Uzbek Ground Forces

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Uzbek Ground Forces
O'zbekiston quruqlik qo'shinlari
Сухопутные войска Узбекистана
Uzbekistan Ground Forces patch (camouflage).jpg
Uzbek Ground Forces patch (camouflage)
Active1992 - present
Country Uzbekistan
BranchUzbekistan Armed Forces (Cyrillic script).svg Armed Forces of the Republic of Uzbekistan
TypeLand Force
RoleDefense of Uzbekistan
Size40,000 (est. 2006)
Nickname(s)Uzbek Land Forces
Colors     Steel Blue
AnniversariesDefender of the Motherland Day - January 14
EngagementsTajik Civil War
Batken Conflict
War in Afghanistan (2001–present)

The Uzbek Ground Forces are the land component of the Armed Forces of the Republic of Uzbekistan. Operating since the collapse of the Soviet Union in 1991, the army is made up of former Soviet Army units that were in the territory of Uzbekistan. As of 2006, it had around 40,000 active personnel. Much of the equipment it uses is also old Soviet material, and the government of Uzbekistan has not given much effort to replace it with modern equipment.[1]


The armed forces were created in 1992, and along with the army, the air and air defense forces, national guard, and border service were created. Islam Karimov, the President of Uzbekistan, had begun calling native Uzbeks in the Soviet Armed Forces back to Uzbekistan to fill the ranks of the newly created ground forces, though many refused to return and renounced their citizenship. Russians made up the majority of the officer corps, while the enlisted personnel were mainly Uzbek.

Uzbekistan then became the only Central Asian state that did not allow Russian Federation citizens to serve in the army, and began to replace the Slavic officers with ethnic Uzbeks. At independence, Slavic officers made up the command of the army, and thus an effort was made to give Uzbeks higher positions, giving Slavics lower ranks. The Slavs who stayed in Uzbekistan accepted Uzbek passports.

Three major military academies, the Tashkent Higher All-Arms Command School, Tashkent Higher Tank Command School, and Samarkand Higher Military Automobile Command School,were located in Uzbekistan. This caused the government to not send Uzbek officers to Russia for training. In 1994, they established the joint Armed Forces Academy, to train officers of all branches. Though the Uzbek language was becoming more in use by the army, Russian remained the main language used in training officers, due to the fact that most manuals were in Russian and that the Central Asian Turkic languages did not have proper military vocabulary.

In 1997, the United States CENTRASBAT program paid over $5 million to fund a training exercise between Uzbek and American troops that were going to be stationed in the country. Later in 1998, a US general attended an Uzbek base that had a unit which took part in the training. After asking for a show of hands of who took part in it, only two raised them. Most Uzbek soldiers leave the service when their mandatory conscription ends. The US forces have found this to be the case in Kyrgyzstan and Kazakhstan as well. The army was similarly run to the Soviet one, in terms of command, service, and equipment. Senior commanders gave strict orders that allowed little freedom of decision.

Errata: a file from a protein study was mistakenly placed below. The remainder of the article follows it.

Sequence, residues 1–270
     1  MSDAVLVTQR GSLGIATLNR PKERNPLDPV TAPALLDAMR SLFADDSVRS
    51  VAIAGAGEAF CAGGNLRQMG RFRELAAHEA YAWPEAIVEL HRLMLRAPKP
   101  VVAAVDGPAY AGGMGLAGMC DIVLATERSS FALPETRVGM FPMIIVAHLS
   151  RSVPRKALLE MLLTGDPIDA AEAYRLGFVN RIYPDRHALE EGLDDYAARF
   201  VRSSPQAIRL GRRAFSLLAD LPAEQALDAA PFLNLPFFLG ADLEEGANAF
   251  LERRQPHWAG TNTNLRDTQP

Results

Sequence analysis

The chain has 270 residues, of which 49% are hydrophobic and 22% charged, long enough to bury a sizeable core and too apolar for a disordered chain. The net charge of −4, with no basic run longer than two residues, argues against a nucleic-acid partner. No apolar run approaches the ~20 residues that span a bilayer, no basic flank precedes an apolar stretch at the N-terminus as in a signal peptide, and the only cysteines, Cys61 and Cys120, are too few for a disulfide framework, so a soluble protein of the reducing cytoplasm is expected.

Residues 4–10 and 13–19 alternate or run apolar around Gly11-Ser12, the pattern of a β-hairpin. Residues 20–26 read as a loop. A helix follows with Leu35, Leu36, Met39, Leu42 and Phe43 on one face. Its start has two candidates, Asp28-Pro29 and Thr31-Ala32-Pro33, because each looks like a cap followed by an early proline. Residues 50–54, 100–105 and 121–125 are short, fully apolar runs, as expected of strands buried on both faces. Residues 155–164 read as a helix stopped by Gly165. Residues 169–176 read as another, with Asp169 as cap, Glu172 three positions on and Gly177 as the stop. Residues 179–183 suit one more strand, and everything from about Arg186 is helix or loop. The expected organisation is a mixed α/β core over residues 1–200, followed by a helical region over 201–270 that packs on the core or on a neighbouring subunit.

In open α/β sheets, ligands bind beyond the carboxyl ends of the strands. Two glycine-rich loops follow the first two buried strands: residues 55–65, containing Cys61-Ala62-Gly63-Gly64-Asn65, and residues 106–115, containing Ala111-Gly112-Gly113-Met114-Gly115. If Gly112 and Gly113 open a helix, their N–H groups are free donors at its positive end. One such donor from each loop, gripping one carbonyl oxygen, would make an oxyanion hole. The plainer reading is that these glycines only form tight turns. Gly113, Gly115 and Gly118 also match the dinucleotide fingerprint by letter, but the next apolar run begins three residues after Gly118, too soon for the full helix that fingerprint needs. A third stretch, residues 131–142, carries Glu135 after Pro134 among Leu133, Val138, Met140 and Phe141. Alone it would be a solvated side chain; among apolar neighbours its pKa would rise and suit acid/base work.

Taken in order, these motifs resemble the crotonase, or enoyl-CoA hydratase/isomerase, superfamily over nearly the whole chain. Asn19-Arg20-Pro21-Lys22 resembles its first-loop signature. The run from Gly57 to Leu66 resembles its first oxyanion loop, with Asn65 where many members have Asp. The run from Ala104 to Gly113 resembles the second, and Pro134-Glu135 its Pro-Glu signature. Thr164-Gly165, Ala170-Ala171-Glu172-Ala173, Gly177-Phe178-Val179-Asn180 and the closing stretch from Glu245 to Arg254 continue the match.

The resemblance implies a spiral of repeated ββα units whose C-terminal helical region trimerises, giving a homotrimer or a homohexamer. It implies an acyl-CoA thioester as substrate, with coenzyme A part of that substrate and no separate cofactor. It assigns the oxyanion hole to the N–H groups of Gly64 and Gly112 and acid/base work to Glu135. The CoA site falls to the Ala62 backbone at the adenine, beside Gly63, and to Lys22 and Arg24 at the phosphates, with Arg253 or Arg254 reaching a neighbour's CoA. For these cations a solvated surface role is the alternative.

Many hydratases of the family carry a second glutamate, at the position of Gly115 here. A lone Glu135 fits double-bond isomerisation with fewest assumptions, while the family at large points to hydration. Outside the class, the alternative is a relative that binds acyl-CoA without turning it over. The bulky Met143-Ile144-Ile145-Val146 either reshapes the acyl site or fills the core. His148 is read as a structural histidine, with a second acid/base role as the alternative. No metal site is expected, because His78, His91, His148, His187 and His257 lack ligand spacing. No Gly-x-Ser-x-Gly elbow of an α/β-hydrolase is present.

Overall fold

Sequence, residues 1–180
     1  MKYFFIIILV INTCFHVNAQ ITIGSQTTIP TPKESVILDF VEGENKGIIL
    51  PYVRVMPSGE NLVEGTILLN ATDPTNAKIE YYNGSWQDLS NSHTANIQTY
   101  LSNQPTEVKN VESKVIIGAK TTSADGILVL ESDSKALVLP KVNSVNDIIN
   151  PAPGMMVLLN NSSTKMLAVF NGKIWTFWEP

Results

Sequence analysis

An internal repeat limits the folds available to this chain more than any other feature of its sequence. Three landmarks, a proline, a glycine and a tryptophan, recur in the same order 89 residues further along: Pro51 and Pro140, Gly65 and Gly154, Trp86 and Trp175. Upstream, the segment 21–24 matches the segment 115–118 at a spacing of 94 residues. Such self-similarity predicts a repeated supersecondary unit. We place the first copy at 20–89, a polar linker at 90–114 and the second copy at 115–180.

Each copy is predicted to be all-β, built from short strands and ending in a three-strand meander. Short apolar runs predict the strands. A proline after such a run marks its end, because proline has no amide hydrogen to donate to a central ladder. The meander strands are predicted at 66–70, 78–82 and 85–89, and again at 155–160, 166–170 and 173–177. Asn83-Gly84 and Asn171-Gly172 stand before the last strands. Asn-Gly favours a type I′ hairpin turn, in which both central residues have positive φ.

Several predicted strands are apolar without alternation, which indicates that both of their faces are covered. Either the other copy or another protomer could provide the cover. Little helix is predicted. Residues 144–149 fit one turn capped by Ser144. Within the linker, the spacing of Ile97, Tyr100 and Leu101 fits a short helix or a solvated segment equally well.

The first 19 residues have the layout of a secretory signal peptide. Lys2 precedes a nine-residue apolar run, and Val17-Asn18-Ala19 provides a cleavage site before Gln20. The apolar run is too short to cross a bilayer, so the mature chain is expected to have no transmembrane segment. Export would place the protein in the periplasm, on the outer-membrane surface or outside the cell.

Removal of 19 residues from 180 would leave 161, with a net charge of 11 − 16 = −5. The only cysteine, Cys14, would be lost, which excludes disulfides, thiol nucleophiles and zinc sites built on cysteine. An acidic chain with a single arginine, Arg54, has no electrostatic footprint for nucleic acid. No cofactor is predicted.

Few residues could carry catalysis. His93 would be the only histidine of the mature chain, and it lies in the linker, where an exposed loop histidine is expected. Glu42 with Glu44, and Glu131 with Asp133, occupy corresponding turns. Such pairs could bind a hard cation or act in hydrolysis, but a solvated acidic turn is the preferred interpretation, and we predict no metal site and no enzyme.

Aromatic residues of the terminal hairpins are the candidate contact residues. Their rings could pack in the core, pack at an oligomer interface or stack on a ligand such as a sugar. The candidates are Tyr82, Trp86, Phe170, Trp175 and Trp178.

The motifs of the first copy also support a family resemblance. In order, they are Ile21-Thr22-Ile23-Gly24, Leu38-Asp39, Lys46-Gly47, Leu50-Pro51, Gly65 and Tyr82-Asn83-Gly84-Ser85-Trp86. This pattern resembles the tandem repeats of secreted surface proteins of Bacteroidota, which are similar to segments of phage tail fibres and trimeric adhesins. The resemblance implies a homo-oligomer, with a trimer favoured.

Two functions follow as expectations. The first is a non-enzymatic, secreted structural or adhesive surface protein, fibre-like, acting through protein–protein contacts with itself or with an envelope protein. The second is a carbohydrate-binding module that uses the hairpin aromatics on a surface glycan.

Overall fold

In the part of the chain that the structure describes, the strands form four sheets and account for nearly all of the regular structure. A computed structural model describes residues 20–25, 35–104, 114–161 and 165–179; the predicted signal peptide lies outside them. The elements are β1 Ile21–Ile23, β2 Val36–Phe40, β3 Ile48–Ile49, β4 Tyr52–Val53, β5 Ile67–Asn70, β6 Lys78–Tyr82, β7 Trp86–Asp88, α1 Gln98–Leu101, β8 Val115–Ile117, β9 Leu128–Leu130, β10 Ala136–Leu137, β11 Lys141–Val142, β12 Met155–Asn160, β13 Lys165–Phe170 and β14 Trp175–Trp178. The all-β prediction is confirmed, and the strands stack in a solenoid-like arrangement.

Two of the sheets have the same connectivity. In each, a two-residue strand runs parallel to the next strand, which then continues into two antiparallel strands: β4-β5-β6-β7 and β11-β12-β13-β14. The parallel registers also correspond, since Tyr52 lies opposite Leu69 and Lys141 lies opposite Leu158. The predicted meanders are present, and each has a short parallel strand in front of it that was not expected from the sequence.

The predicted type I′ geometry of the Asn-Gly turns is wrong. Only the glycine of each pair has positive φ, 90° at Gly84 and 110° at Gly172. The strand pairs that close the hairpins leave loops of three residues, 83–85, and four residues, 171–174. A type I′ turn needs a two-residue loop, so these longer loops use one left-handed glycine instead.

In 2003, the defense ministry announced that the conscription time was lowered from 18 months to 12, and those who attended officer schools only had to serve nine months. It was encouraging higher ranking personnel to serve longer. Many young Uzbeks bribed recruitment officials to not draft them into the army, as dedovshchina was widespread.[1]


The Army includes five military districts, the Northwest at Nukus, the Southwest special military district at Karshi, the central military district at Dzhizak, and the East military district at Ferghana. In 2001, the Tashkent garrison was transformed into the fifth MD - the Tashkent military district.[2]

Uzbek soldiers practice hand to hand maneuvers

The headquarters of the military districts and their areas of responsibility are confirmed. The subordinate brigades listed in the table below have been attributed to the various military districts either because they are located in the same city as the military district headquarters or are clearly within the military districts' area of responsibility - that is, the 37th Motor Rifle Brigade at Andijan.

Formation Headquarters Location Notes
Northwest Military District HQ Nukus Karakalpakstan, Xorazm Province
? Motor Rifle Brigade Nukus
Southwest Special Military District HQ Karshi Qashqadaryo Province, Surxondaryo Province, Bukhara Province, Navoiy Province